Compile on run

From what I’ve learned so far, I’m guessing that most if not close to all Fedora Linux Desktop software is compile on run. I will appreciate it if someone can provide a reference where I can learn more about what things are and what things are not compile on run. Thanks in advance for your help.

I think, for the most part, you are probably referring to Scripting Languages like Bash and Python. You may also be referring to Interpreted Languages like JavaScript (there is some overlap in the definition).


To add to @glb 's comment, whether software source code is compiled or interpreted depends on what programming language it is written in. This is not something that Fedora does/enforces—it is how the programming language works. For more information on this, please read:

and use your preferred search engine to search for “compiled vs interpreted programming languages”.

Also note that some languages may have both components—they are interpreted, but can be compiled into “bytecode” to improve performance (we ship pre-compiled bytecode with Python packages in Fedora). More information here:


No, it’s the opposite: most, if not all software included in Fedora is run from a binary rpm package that has already been built (compiled) for you on Fedora infrastructure and is provided in software repositories.

Some software is provided as “sandboxed” flatpak packages, which are “compiled” as well.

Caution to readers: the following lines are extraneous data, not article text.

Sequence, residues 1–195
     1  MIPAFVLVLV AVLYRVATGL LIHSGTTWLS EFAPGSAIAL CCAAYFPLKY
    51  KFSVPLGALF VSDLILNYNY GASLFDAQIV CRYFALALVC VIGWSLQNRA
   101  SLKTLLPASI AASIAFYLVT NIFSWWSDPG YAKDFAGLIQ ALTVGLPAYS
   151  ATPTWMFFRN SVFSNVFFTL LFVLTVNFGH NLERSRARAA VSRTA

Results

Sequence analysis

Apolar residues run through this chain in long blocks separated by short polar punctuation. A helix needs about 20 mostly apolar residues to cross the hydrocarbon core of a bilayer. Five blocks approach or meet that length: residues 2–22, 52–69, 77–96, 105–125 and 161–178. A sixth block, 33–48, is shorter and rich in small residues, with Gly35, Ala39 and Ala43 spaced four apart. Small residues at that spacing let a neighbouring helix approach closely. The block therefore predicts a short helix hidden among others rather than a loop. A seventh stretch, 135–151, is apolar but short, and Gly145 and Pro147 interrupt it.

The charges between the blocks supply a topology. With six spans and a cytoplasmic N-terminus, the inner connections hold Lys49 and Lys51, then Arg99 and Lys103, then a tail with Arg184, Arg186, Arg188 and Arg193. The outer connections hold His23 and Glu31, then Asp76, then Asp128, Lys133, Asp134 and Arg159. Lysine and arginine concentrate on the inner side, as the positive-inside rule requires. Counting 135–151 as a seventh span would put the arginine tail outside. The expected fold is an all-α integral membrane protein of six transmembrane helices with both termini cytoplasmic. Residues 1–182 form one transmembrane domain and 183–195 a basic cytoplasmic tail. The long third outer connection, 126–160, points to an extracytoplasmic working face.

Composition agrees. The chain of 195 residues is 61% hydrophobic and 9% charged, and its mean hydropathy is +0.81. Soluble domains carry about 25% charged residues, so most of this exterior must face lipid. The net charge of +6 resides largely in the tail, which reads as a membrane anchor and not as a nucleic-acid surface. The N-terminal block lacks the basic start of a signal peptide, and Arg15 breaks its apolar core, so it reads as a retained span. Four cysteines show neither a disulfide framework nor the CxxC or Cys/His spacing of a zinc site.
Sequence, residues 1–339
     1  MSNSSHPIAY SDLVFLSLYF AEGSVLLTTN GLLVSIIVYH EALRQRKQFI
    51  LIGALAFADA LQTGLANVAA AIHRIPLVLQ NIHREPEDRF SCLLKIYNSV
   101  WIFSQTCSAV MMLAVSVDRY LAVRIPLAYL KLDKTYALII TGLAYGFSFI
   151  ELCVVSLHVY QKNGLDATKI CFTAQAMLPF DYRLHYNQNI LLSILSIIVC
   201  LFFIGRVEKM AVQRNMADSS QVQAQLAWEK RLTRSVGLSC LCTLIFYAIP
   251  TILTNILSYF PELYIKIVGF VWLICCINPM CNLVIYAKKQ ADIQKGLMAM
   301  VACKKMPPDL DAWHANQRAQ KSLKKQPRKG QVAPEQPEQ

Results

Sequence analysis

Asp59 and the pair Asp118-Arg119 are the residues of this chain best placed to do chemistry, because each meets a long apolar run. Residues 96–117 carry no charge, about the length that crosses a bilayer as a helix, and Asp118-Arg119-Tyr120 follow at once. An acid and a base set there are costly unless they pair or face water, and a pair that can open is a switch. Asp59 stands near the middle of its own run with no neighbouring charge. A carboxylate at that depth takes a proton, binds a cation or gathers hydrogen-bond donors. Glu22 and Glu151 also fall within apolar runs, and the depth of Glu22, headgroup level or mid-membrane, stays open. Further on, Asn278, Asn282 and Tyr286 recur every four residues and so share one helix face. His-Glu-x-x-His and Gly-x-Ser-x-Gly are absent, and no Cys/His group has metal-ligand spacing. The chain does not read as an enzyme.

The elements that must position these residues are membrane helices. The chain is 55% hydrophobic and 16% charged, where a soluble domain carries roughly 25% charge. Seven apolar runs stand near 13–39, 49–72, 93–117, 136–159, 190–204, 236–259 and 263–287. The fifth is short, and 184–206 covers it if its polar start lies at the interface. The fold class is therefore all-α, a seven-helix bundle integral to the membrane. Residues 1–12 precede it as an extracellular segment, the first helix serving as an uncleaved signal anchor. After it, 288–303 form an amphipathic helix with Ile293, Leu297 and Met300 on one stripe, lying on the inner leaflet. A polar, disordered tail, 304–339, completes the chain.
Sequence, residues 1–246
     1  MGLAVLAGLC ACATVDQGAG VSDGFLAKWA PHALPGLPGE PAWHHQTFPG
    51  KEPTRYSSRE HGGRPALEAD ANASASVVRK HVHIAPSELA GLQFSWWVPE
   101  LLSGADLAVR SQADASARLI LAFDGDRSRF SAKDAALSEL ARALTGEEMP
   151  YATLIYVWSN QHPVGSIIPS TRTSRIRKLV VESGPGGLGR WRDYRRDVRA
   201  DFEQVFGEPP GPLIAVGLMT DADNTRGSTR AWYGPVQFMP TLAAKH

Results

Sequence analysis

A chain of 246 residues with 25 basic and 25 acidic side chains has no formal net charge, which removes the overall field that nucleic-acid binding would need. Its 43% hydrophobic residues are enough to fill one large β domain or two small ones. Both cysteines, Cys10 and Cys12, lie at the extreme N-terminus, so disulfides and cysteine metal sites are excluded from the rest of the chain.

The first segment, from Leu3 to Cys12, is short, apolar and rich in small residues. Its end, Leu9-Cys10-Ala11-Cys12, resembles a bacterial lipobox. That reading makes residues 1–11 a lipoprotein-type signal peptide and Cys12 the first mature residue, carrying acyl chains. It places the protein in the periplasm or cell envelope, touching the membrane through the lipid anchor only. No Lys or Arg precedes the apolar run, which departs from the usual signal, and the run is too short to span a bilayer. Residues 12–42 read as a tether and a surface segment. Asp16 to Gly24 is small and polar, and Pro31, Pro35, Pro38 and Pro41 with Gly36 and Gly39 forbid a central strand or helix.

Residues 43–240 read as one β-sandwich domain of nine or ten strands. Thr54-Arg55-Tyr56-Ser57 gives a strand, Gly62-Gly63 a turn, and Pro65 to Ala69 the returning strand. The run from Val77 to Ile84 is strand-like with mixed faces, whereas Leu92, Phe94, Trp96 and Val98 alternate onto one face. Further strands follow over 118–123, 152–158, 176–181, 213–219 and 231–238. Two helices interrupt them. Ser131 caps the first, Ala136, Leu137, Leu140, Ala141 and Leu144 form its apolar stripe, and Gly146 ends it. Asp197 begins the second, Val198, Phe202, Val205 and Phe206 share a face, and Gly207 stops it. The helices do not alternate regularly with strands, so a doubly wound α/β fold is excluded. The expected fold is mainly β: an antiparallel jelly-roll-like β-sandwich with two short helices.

If you run sudo dnf update you see that dnf is downloading packages and directly installing them, no compiling inbetween.

An exception, for example, are kernel modules (key words: kmod, akmod, dkms) that are compiled on your system upon update.

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Ah, but rpms are basically zip files with extra “headers”—they’re not compiled. The software that is packaged in the rpm may be compiled if it is written in a language that requires compilation. Otherwise, rpms just put files in the right places. So for Python files for example, they simply put the module etc. files in the right location. There is no compilation involved. Here’s an example of fpaste, which is a pure Python script and does not need compilation:

$ rpmls fpaste
-rwxr-xr-x  /usr/bin/fpaste
drwxr-xr-x  /usr/share/doc/fpaste
-rw-r--r--  /usr/share/doc/fpaste/README.rst
-rw-r--r--  /usr/share/doc/fpaste/TODO
drwxr-xr-x  /usr/share/licenses/fpaste
-rw-r--r--  /usr/share/licenses/fpaste/COPYING
-rw-r--r--  /usr/share/man/man1/fpaste.1.gz

So, we should distinguish rpms from the programming language itself. I’d say rpms are built to include the necessary files, and the software in them may be compiled. Similarly, flatpaks are built and the software may need to be compiled during the flatpak building process. I.e., flatpaks and rpms are simply “packages”

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Well what started this was that I read a couple articles on software that enabled C programs to be compile on run. The idea being to compile to binary then run rather than be interpreted. I put that together with various comments I heard in Fedora meetings and thought that perhaps many parts of Fedora were complie on run. Then as the performance issue was brought up which I failed to consider before. So compile on run might be a hugh performance hit in an application starting up.

I know Python and others are run mostly as interpreted rather tokenized or directly. I thought Python could also be compiled to binary. I’ve never tried it since Python interpreted performance has always met my needs. Did I misunderstand; can Python be compiled to binary?

Not natively as far as I’m aware. There must be a way with some third party modules etc. I guess, but it’s designed to be interpreted by the Python interpreter in general.